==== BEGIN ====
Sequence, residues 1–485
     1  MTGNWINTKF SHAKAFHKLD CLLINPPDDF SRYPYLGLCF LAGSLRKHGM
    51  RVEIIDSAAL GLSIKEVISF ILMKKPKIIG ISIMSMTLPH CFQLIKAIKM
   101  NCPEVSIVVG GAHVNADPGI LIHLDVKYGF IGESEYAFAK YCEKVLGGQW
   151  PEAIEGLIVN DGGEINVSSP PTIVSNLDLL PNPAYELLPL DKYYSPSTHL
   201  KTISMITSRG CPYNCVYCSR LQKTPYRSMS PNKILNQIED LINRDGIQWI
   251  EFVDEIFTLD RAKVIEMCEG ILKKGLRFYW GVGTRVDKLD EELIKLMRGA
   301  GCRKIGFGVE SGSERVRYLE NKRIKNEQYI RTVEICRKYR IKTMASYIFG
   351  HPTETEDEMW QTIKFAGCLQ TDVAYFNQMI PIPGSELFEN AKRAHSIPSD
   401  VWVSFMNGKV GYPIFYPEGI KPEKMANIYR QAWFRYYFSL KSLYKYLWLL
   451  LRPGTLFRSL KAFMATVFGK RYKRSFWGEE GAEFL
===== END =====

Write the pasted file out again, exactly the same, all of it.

Sequence, residues 1–485
     1  MTGNWINTKF SHAKAFHKLD CLLINPPDDF SRYPYLGLCF LAGSLRKHGM
    51  RVEIIDSAAL GLSIKEVISF ILMKKPKIIG ISIMSMTLPH CFQLIKAIKM
   101  NCPEVSIVVG GAHVNADPGI LIHLDVKYGF IGESEYAFAK YCEKVLGGQW
   151  PEAIEGLIVN DGGEINVSSP PTIVSNLDLL PNPAYELLPL DKYYSPSTHL
   201  KTISMITSRG CPYNCVYCSR LQKTPYRSMS PNKILNQIED LINRDGIQWI
   251  EFVDEIFTLD RAKVIEMCEG ILKKGLRFYW GVGTRVDKLD EELIKLMRGA
   301  GCRKIGFGVE SGSERVRYLE NKRIKNEQYI RTVEICRKYR IKTMASYIFG
   351  HPTETEDEMW QTIKFAGCLQ TDVAYFNQMI PIPGSELFEN AKRAHSIPSD
   401  VWVSFMNGKV GYPIFYPEGI KPEKMANIYR QAWFRYYFSL KSLYKYLWLL
   451  LRPGTLFRSL KAFMATVFGK RYKRSFWGEE GAEFL